-Does this signify the McRib is back at McDonalds? I know it makes some people crazy.
    -Is “run” Trump speak for “ride a golf cart”?
    -Was this vetted by anyone?
    -Could he be simply parroting the White House staff and NRA super fans who are trying to focus solely on the deputies?
    -Why choose the word “run”? I can’t imagine he has run anywhere except during the Rick and Morty limited time Mulan dipping sauce at McDonalds.

  21. integer

    Here’s an interesting development in the Russiagate affair:

    Ex-Manager of the Russian Troll Factory Moves to the U.S. Julia Davis News

    Russian TV channel “Dozhd” recently revealed that Agata Burdonova, who formerly served as one of the Foreign department managers at the notorious Kremlin-linked Internet Research Agency (IRA), now lives in the United States. Burdonova wrote about moving to the U.S. on several social media pages she maintains…

    Agata Burdonova was not named in Mueller’s indictment of the IRA employees. Burdonova’s former IRA boss, Katarina Aistova, headed the Media and Public Forums department. Aistova’s boss, Dzheyhun Aslanov – the head of the IRA’s Foreign department – is one of the persons named in Mueller’s indictment…

    From all appearances, Burdonova was able to obtain a visa as a dependent of her husband, Dmitry Fyodorov. On June 15, 2017, Dmitry Fyodorov publicly stated on his social media page that he received an employment offer from Facebook.

    Here is Julia Davis’ Twitter feed; she appears to be a Russian-speaking US-based expert on Russian state media. Her pinned tweet states: “I watch #Russia’s state TV, so you don’t have to.” A recent tweet of hers mentions that she is waiting for a response from Facebook regarding their employment of Dmitry Fyodorov.

  22. Altandmain

    It is looking like obesity is getting worse, at least for the UK.

    At some point, they desperately need to regulate the big food corporations, the fast food industry, and the massive advertising that goes around it.

    Oh and in regards to the comments about guns, is there anyone else who thinks that nothing is going to happen? Maybe a few cosmetic changes, but no real reforms?

    A big part of the problem is that there is a huge urban rural division. Guns are a part of rural life and in many areas a necessity. That said, they need hunting rifles, not AR 15 type weapons.

    1. MyLessThanPrimeBeef

      Connecting dots.

      From your comment and others:

      Feinstein…guns…fast food…sugar.

      What do they lead to?

      The Twinkie Defense and gun shots.

      Do we say what we eat is important?

      And the issue involves many interconnected nodes in Indra’s Net via the Butterfly Effect?

  23. Oregoncharles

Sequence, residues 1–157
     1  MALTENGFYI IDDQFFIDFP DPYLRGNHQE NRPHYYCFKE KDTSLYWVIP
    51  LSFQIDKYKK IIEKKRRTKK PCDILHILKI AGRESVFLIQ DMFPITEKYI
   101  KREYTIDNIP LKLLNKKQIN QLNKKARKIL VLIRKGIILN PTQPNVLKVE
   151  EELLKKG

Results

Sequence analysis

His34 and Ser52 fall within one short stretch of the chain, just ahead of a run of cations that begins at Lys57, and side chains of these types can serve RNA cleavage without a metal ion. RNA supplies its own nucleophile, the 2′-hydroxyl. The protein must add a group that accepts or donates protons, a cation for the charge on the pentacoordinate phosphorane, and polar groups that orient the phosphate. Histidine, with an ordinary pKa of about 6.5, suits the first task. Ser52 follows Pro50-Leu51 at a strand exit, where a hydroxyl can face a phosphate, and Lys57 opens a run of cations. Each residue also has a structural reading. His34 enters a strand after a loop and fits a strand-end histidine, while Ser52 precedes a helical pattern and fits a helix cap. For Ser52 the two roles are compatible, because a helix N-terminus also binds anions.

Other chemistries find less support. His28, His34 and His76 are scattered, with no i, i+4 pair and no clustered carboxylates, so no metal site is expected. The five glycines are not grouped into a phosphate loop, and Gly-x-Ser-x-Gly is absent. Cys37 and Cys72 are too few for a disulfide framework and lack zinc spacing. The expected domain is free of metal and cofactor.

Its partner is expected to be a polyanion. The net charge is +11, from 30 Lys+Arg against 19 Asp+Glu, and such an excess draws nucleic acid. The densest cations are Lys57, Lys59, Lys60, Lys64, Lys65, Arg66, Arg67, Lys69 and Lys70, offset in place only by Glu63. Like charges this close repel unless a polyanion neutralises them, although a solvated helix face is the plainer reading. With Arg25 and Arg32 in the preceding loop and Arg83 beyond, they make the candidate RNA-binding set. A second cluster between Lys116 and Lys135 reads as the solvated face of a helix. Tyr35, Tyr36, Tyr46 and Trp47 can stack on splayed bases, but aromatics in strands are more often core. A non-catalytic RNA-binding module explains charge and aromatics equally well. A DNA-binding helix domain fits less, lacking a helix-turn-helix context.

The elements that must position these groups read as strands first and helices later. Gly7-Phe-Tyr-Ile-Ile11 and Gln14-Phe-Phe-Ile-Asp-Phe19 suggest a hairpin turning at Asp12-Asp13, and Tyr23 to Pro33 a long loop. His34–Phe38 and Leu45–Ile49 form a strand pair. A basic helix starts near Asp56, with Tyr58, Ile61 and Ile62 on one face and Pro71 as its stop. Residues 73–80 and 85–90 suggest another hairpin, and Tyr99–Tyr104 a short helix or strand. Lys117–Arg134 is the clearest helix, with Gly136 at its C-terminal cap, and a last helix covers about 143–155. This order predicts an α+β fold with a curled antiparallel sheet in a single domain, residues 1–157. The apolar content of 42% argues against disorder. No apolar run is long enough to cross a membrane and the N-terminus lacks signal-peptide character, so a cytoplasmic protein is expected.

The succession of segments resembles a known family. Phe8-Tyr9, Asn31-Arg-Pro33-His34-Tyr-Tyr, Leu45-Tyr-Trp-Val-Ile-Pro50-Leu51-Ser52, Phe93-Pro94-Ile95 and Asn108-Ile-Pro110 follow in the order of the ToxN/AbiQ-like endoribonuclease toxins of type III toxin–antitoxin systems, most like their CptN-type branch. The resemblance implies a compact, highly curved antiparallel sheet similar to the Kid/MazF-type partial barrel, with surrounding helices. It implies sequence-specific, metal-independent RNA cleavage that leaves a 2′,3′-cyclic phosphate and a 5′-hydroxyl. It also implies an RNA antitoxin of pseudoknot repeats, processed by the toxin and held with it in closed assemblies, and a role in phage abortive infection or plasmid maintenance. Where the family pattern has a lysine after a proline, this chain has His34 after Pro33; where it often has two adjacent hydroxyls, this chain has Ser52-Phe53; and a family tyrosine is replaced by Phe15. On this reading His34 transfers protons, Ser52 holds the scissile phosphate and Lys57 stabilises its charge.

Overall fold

The Antidote: a heron, not sure what kind.

    We were just watching videos of blue herons catching and eating inappropriate things, like gophers and ducks. They look so stately, but they’re voracious predators, and none too dignified when trying to swallow a bird!

    We see them in the fields in the winter; I assumed they were after voles, but apparently gophers will do. And good riddance.

  24. audrey jr

    Head up to fellow readers of NC: I just read that is using readers pc’s to crypto-mine. I wasn’t sure this story was true or not so I searched around and lo and behold there are many, many articles by reputable sites which state that Salon is indeed using readers pc’s for crypto-mining.
    Approach Salon articles with this fact always in your mind, if you feel you have to visit that site at all.
    I know I will never, ever again click onto that site.
    Apologies if this info was previously presented by anyone here at NC.
    Thanks for wonderful links on your watch while Yves is “down.” And here’s hoping that you will get on your feet soon.

    1. JBird

      Fabulous. We could deal with the increasingly dystopic economic hellscape that is encouraging acts of violence and violence but that’s crazy talk. So let’s just put thousands more control freaks in schools full of rambunctious children, or often hormonally deranged teens. And does anyone want to bet that most of these newly empowered police will not be placed mainly in poor schools? Police corruption and brutality just seems to steadily increase. An average of 1100 people are killed yearly by the police (this does not include those in jails or prisons)of which ~200 are completely unarmed, and the “armed” ones sometimes just have access to a weapon, not a weapon in the their hand. Further, there have been many cases of children, like grade school children, being arrested for doing childish things.

      But’s it all about the children!

      And there will be more job openings for the police!

  25. JBird

    Mass exorcisms for our Elites?

    Demonic possession would be a reasonable explanation for me if I was at all inclined to believe. Oh, yes it would. It’s too bad that I believe we humans are quite capable of f@@@@@@ up without any assistance from an outside agency be it the Infernal, space aliens, or the Elder Gods.